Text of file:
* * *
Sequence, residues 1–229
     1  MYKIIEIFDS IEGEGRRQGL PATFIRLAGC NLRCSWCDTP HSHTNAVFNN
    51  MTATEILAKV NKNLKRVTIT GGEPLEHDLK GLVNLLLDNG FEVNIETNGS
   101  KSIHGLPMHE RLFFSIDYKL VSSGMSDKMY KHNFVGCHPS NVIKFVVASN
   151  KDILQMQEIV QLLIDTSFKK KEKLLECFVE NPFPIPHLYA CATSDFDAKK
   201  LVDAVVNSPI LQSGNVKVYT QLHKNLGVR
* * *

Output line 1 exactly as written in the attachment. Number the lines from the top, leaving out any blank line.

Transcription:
Sequence, residues 1–229